It will enable a holistic ‘big-picture’ view of relevant ethical, legal, and social issues
A staff member shows a mock-up of work being done on women's eggs in the laboratory at the KL Fertility Centre in Kuala Lumpur. (Photo: AFP / UCAN files)
In recent years, Singapore has increasingly leveraged new reproductive technologies to overcome the country's rapidly aging demographics and dismal fertility rate, which hit a new low in 2022.
Hence, it would be timely for Singapore’s Bioethics Advisory Committee (BAC) to critically examine relevant ethical, legal and social issues associated with newly emerging reproductive technology platforms, which are thus summarized as follows;
In Vitro Gametogenesis (IVG) refers to the generation of artificial lab-grown sperm and eggs from other cell types within the body such as skin cells. Utilizing advanced molecular biology techniques, skin cells can be reprogrammed into an embryonic stem cell-like state, which can then be induced into functional sperm or eggs by various chemicals and growth factors within a laboratory dish.
Several research groups in Japan and China have already demonstrated the birth of live healthy offspring from IVG-generated sperm and eggs derived from the skin cells of mice and rats, which could in turn reproduce normally and give rise to the next generation of healthy offspring. It is highly plausible that these will soon be replicated in humans within the near future.
Artificial Womb Technology (AWT) refers to bioengineered systems for the gestation of human offspring outside the human body, technically referred to as Ectogenesis or Ectogestation. To date, studies with animal models, particularly sheep, have developed artificial womb systems that are capable of sustaining the life and development of preterm fetuses.
It is anticipated that clinical trials of AWT to save lives and nurture the development of extremely premature human babies will commence very soon. Nevertheless, complete ectogenesis to sustain the development of human embryos over the entire gestation period will likely not be feasible in the near future.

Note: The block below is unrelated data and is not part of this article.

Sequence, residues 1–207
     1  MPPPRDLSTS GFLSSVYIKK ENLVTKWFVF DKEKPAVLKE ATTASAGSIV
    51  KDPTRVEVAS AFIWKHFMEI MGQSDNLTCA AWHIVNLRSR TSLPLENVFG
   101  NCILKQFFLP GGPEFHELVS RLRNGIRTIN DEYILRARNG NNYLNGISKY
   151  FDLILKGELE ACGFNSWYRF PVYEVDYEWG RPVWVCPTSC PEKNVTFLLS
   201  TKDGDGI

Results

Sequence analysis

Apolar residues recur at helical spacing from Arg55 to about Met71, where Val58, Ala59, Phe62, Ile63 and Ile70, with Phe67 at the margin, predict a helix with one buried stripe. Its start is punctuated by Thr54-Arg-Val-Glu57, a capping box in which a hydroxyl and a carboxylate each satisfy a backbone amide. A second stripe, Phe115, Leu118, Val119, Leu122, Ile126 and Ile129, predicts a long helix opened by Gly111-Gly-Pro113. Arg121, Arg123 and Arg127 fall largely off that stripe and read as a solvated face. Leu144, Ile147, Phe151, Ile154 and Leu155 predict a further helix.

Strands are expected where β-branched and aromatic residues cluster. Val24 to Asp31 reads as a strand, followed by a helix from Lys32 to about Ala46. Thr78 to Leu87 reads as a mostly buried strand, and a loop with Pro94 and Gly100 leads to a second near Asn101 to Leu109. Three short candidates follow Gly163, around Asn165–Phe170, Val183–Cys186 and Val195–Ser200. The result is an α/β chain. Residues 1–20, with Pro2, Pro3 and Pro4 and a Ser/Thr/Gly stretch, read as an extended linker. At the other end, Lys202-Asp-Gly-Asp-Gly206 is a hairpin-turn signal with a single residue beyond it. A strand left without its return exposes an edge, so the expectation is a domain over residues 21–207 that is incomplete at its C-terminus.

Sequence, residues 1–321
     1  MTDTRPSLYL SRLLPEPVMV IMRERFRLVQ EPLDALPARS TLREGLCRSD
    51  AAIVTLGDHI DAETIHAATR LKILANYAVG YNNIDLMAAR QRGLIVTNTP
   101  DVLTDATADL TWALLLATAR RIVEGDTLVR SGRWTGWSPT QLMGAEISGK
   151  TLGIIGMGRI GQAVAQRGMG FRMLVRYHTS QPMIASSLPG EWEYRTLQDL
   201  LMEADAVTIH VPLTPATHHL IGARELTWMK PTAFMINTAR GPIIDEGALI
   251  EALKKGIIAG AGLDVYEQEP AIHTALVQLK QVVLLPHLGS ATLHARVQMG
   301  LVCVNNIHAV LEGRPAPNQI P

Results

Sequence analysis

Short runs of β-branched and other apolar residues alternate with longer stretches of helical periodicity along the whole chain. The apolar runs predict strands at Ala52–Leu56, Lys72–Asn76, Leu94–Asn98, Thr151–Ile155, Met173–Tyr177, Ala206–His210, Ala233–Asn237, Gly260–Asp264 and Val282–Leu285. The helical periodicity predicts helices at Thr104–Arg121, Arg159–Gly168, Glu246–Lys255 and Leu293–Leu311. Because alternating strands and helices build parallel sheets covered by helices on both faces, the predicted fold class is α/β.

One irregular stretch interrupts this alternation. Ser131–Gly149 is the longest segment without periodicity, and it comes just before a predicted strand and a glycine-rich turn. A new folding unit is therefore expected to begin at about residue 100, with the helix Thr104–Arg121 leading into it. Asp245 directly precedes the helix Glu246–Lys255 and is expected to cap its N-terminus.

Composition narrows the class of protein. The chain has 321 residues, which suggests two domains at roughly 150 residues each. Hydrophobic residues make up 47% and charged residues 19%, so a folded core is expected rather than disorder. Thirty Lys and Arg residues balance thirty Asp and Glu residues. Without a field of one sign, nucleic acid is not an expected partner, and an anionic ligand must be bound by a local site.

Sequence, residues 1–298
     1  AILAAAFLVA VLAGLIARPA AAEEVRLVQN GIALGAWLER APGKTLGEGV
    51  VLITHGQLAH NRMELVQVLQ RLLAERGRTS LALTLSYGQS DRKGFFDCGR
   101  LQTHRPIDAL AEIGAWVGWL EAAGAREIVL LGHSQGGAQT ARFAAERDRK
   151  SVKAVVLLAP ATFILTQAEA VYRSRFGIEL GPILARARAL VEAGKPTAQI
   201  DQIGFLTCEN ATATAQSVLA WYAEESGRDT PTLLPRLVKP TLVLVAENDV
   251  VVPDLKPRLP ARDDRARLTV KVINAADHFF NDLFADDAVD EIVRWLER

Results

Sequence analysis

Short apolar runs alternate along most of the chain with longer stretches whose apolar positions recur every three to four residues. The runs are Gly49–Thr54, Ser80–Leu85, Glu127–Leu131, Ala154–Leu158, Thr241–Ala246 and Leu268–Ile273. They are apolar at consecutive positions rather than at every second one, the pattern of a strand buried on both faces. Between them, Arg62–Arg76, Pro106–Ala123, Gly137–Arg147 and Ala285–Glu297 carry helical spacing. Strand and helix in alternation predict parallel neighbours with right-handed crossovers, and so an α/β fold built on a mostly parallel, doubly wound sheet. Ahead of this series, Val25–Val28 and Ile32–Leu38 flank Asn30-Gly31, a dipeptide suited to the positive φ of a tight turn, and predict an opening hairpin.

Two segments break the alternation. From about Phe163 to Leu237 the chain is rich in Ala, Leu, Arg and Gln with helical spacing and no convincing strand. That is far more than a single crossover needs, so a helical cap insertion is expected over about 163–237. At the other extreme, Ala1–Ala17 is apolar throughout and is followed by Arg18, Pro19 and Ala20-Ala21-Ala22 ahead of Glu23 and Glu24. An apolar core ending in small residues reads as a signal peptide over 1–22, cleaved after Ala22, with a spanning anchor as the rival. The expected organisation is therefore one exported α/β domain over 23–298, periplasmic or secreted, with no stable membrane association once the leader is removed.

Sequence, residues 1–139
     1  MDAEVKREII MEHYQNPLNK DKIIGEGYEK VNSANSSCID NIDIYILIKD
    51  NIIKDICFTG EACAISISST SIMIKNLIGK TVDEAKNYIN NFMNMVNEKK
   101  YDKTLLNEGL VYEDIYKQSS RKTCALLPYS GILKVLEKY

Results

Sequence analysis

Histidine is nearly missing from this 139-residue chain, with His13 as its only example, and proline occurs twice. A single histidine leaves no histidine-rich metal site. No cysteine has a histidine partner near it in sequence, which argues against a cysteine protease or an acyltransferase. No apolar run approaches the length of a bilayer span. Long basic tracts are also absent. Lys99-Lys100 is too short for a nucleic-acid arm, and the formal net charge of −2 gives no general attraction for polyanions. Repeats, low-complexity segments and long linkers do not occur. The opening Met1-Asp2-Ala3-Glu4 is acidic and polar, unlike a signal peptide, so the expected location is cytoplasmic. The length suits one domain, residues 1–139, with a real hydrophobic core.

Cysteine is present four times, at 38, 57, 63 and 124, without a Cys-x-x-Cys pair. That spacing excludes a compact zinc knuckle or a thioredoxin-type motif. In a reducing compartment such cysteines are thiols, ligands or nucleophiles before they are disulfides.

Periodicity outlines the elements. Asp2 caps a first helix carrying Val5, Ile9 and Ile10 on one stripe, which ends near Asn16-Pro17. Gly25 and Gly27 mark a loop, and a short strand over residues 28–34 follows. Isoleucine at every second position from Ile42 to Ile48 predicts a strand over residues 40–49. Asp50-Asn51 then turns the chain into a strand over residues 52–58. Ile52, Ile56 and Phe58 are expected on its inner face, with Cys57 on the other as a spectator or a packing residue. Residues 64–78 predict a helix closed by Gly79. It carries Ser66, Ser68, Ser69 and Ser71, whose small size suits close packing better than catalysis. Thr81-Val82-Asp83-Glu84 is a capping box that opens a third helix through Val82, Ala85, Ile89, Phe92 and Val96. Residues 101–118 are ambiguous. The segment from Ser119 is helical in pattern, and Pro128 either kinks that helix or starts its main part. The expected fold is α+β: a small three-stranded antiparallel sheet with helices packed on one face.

Synthetic Human Embryos refer to embryo-like structures generated entirely from stem cells, thereby bypassing the natural process of fertilization without the need for either sperm or eggs. An Israeli research team at the Weizmann Institute of Science achieved this feat with mouse and human stem cells in quick succession, in 2022 and 2023 respectively.
These synthetic embryos were reported to display brains, beating hearts, as well as foundational structures of all other organs within the body, in addition to also possessing rudimentary placenta, yolk sac, and other external tissues that could potentially ensure their continued growth and development upon transfer into a womb.To date, no animal or human-derived synthetic embryos have yet generated a live offspring, but given the rapid pace of scientific advancements in recent years, this hurdle may likely be overcome soon.
Overlying these three key reproductive technology platforms are artificial intelligence (AI)-based embryo polygenic screening and human germline genome editing, which can not only prevent and cure genetic diseases but can also be utilized for human enhancement. This refers to the screening, selection or genetic engineering of non-disease socially desirable traits in human offspring, such as higher IQ, tallness, and fair complexion; which has at least been partially or wholly discussed in previous BAC-led public consultations.
A future public consultation on newly emerging reproductive technologies initiated by Singapore's BAC should therefore address the following pertinent issues:
In conclusion, given the rapid progress that has been made in these aforementioned newly-emerging assisted reproductive technology platforms in recent years, it is imperative to initiate a multi-disciplinary discussion of the relevant ethical, legal, and social issues among policymakers, medical professionals, biomedical scientists, religious leaders and various members of the general public.
Dr. Alexis Heng is an associate professor of biomedical science at Peking University, China. He is ranked among the top 2 percent of scientists worldwide in 2022 by Stanford University. To date, he has published 50 international journal articles on legal, ethical, and sociological issues relating to new reproductive technologies, besides having around 300 scientific journal publications.
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